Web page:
David Altshuler, M.S.
(305) 978-8917 | david@davidaltshuler.com

Lieutenant, Win this Race

Everyone knows about Abebe Bikila in the Olympic marathon in Rome in 1960. World record. Ran barefoot. (Not a typo. Barefoot over cobblestones.) Made a political statement in Italy the country which, in Bikila’s lifetime, had bombed Ethiopia with a disregard for humanity that my poor power of words will not attempt to depict.

Everyone also knows that Bikila won the Olympic marathon again in Tokyo in 1964. Another race, another world record. This time Bikila beat the best in the world—68 entrants from 41 countries—by four minutes. Unprecedented. Four minutes. Everybody else could have been competing in another race. For second place.

But not everyone knows about the Olympic marathon in Mexico City in 1968 in which Bikila attempted to win his third Olympic marathon. No one else had ever won twice. (Subsequently Waldemar Cierpinski won in 1976 and again in 1980; and Eliud Kipchoge who won in 2016 and 2020 will try for his third Olympic win in Paris next summer.) Bikila and countryman Mamo Wolde were said to be together early in the event. Bikila, injured, realized that he would not win. The marathon, if I remember clearly, is something of a slog under the best of circumstances and not everyone puts forth a world record every time. Bikila was Wolde’s superior in the Ethiopian army.

Here is Fisseha Tegegn’s take on their conversation:

Bikila: “Lieutenant Wolde.”

Wolde: “Captain Bikila.”

Bikila: “I’m not finishing this race.”

Wolde: “Sorry, sir.”

Bikila: “But Lieutenant, you will win this race.”

Wolde: “Sir, yes sir.”

Bikila: “Don’t let me down.”

In sum, Bikila communicated to Wolde: “Lieutenant, win this race.”

I have no way of knowing if this delightful vignette is true. I was not invited to participate in that race and if I had been running, I would have been happily passing the 11-mile mark when the leaders were at Mile 18. But I love the story. Bikila’s confidence in his countryman, Bikila’s love for his country. “Lieutenant, win this race.”

Not to take anything away from this story, but I have to think that Wolde already knew what he was supposed to be doing that day. Your children too are completely aware of your wishes. “Oh, so my dad wanted me to do well in school?” Words no child ever spoke.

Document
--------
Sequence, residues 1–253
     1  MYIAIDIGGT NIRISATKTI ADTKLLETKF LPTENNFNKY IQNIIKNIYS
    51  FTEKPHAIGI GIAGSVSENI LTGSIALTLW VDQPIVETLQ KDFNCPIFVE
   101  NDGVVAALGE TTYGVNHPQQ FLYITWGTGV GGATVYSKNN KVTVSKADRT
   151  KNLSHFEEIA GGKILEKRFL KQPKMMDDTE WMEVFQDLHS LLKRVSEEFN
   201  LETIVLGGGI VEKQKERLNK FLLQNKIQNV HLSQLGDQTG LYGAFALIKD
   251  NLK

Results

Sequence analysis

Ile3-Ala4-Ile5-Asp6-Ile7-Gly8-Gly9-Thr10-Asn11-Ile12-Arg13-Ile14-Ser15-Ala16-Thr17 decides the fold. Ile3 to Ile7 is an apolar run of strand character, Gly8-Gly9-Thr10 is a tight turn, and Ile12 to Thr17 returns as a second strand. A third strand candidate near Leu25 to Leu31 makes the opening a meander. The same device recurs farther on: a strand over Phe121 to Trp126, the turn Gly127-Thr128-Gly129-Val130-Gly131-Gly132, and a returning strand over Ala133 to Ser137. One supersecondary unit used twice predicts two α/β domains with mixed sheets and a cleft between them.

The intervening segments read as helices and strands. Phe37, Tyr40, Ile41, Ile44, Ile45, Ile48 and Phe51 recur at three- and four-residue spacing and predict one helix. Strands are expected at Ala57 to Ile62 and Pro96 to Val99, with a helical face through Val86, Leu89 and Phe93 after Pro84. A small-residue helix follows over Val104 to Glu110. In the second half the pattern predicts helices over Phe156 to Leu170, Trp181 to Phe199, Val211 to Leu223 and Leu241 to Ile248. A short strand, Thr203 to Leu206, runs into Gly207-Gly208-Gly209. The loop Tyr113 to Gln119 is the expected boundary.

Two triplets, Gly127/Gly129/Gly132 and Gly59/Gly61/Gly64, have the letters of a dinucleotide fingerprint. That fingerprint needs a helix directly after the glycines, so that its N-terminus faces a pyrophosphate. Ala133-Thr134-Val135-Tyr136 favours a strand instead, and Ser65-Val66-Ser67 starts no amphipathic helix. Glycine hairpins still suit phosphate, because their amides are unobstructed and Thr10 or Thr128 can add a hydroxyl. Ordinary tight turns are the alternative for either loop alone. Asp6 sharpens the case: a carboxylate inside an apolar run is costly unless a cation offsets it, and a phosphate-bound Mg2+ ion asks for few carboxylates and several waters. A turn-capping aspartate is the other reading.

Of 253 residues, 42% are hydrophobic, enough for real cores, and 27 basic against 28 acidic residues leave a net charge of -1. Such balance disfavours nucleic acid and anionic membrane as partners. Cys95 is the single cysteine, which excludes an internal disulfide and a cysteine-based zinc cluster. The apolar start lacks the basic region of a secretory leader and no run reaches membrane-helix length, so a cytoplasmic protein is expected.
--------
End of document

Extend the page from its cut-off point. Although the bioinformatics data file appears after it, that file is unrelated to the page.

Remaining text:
Your kids know exactly what you want them to do. They don’t need reminders. They need support. If your kids aren’t doing well in math, here’s what not to say: “He’s so smart. He could do it if he only tried.”

The implication, that your child is not trying, is not helpful. And probably not true. The other piece, that he’s so smart, insures that no matter what happens, the kid can’t win. “Well, of course he did well. But it’s not something that he worked hard to achieve; it’s something he was born with.” It’s like asking a person out on a date because their parents have money. If the family fortune is what you’re focused on, you might best keep that thought to yourself.

If you feel your kid is underperforming in math, you might want to show your unqualified and unconditional support by allowing your child to pick a math tutor—someone who loves math and loves children would be my recommendation—but give your child some options and let them choose the tutor with whom they feel comfortable. If family economics preclude a professional, the honor society at the high school is filled with bright, eager students willing to help out. Worst case, a study buddy can work wonders. Even if the peer student doesn’t know math, just having someone to meet every day can be productive.

Or your kid might just need to be left alone. Believe it or not, most adults don’t know any math. (How many of my erudite readers could pass a high school algebra II final? Anybody want to talk about logarithms, conic sections, the quadratic formula, or right triangle trig? I didn’t think so.) Your child might grow up happy and healthy without taking advanced math. You did. They might also.

Not everybody gets an A in math. Just like not everybody wins every marathon. And even the best of the best can have an off day.



Copyright © David Altshuler 1980 – 2022    |    Miami, FL • Charlotte, NC     |    (305) 978-8917    |    david@davidaltshuler.com